In the search for the ideal healthcare team, the conversation is often focused on the type of tests offered, the specialties and experience of providers, and the outcomes they produce. While these factors are undoubtedly important, one component that often gets ignored is the quality of the doctor-patient relationship.
It is understandable how this might happen. Many of us have been conditioned not to expect much of a relationship at all with our primary care doctors. This is because in conventional models of care, volume of appointments is prioritized, meaning patients are often treated more like numbers than individual people. It is not uncommon for patients to have to wait weeks for an appointment only to have a few minutes with the doctor once they are seen.
Fortunately, alternative models of primary care exist that are upending these expectations. By reprioritizing the patient and focusing on the core tenets of building a productive relationship, they are laying the groundwork for higher-quality care.
The 4 core tenets of a healthy doctor-patient relationship
Like any successful relationship, the one between a doctor and a patient depends on how closely it follows a set of core tenets. Understanding these tenets and how they apply to both the patient and the doctor is key to establishing a strong doctor-patient relationship.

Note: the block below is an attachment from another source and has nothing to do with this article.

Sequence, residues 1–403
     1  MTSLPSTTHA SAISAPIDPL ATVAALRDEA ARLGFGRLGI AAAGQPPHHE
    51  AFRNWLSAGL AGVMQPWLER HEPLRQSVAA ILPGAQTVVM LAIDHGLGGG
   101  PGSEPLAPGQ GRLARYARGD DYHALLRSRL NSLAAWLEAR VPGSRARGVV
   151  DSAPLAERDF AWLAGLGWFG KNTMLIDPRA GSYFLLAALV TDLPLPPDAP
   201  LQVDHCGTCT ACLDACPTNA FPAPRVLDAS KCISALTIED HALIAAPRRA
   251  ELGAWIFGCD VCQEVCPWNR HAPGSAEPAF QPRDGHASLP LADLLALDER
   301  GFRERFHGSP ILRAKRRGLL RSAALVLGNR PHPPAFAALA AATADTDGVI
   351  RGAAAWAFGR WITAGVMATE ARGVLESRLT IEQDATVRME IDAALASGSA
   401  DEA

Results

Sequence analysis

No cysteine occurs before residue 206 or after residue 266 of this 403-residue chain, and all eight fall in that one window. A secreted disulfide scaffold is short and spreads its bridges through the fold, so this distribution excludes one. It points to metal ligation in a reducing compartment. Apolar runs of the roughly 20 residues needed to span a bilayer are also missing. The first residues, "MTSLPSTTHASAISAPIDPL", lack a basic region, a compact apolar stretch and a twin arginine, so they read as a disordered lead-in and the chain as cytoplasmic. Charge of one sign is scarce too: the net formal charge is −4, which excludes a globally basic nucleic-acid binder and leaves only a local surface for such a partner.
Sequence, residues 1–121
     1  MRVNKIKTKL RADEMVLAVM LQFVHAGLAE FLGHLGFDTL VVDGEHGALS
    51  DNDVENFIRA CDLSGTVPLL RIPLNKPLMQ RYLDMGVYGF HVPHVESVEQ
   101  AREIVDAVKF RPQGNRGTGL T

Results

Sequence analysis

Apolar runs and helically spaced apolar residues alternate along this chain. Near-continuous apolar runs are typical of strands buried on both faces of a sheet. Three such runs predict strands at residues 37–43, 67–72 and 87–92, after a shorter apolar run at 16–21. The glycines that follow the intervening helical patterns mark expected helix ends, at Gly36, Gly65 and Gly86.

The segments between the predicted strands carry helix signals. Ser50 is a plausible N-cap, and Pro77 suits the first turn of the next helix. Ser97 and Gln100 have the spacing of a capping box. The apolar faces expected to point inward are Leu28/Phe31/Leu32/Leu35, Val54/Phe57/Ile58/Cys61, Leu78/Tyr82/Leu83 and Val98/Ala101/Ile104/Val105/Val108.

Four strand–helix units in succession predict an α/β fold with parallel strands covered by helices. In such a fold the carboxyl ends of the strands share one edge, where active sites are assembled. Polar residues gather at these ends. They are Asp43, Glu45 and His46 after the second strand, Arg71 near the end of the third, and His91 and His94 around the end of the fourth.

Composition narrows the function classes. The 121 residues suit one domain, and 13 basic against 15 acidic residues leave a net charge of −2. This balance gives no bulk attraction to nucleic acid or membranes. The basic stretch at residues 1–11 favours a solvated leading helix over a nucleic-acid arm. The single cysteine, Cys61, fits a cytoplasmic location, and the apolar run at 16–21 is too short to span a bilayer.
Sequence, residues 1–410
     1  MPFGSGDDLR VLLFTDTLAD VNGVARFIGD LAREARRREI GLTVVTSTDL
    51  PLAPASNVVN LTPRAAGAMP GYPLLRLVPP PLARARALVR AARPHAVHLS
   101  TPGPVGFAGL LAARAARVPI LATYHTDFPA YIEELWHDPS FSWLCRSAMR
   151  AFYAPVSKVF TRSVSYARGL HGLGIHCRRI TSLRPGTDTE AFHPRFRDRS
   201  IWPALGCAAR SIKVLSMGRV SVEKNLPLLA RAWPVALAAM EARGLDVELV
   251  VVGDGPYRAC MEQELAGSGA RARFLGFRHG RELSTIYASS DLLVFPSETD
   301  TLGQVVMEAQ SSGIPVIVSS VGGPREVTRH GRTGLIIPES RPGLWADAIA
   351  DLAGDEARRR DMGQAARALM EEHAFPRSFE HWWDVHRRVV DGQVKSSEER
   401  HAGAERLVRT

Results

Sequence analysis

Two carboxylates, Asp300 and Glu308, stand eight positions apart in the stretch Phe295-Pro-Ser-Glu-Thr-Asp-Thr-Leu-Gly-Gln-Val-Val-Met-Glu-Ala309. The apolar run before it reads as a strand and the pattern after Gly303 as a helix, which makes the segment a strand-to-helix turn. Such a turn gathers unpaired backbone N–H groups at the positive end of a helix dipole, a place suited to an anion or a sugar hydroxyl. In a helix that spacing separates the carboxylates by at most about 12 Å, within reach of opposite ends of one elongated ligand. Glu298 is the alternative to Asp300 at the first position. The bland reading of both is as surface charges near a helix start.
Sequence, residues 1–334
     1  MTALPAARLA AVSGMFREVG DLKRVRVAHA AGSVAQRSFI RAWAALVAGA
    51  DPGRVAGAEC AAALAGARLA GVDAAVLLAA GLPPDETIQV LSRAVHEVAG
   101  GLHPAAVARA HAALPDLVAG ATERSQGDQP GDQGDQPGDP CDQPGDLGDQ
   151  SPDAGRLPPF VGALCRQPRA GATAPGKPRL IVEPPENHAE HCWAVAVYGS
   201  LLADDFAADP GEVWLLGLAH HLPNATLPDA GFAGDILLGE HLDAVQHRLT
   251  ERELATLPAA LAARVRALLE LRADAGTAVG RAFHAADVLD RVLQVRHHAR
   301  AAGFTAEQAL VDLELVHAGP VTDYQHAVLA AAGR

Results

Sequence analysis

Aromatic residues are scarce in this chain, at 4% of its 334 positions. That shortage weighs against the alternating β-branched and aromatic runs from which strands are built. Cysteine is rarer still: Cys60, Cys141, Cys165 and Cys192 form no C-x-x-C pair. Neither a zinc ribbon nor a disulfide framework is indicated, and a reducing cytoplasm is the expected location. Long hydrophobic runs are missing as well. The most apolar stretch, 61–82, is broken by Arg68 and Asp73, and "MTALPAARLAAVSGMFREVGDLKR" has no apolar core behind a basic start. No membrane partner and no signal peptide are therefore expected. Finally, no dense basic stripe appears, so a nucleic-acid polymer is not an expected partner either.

Whether between friends, spouses, or a doctor and their patient, it all starts with trust. Patients must be able to trust their provider and know their advice and knowledge will improve their health. If they can’t, then nothing else matters. Likewise, a provider must be able to trust that their patient is being honest with them and will adhere to any recommendations they provide. Having reciprocated trust is the building block of a thriving relationship between a doctor and patient.
Healthcare can be notoriously complicated. Unfamiliar medical terms and uncertain outcomes can be significant obstacles from the perspective of the doctor and patient. This means that patients and providers alike must have strong communication skills. For instance, patients need to be able to communicate their health concerns, lifestyle, and any other factors that could inform their care. Providers, meanwhile, must be skilled at thoroughly communicating any and all information about a health condition, as well as treatment protocols and options — while keeping the patient’s needs in mind.
This could also be called “mutual admiration.” Either way, respect needs to be practiced on both the patient and provider side. For patients, this simply means respecting their doctor’s expertise and training, then showing them respect by following their recommendations. As for providers, they can show respect by looking beyond the patient’s symptoms and treating them like an individual. That means considering and empathizing with every aspect of their life — from their diet to their lifestyle, to even any mental health barriers — when caring for them.
Similar to trust, reliability is an essential component for overcoming the often confusing and complex world of healthcare. In practice, this means patients must be able to rely on their provider to follow up with results or address their concerns with validity. And providers should have no question that their patients will follow any advice or treatment protocols they suggest to them. Both sides need to be dependable to each other.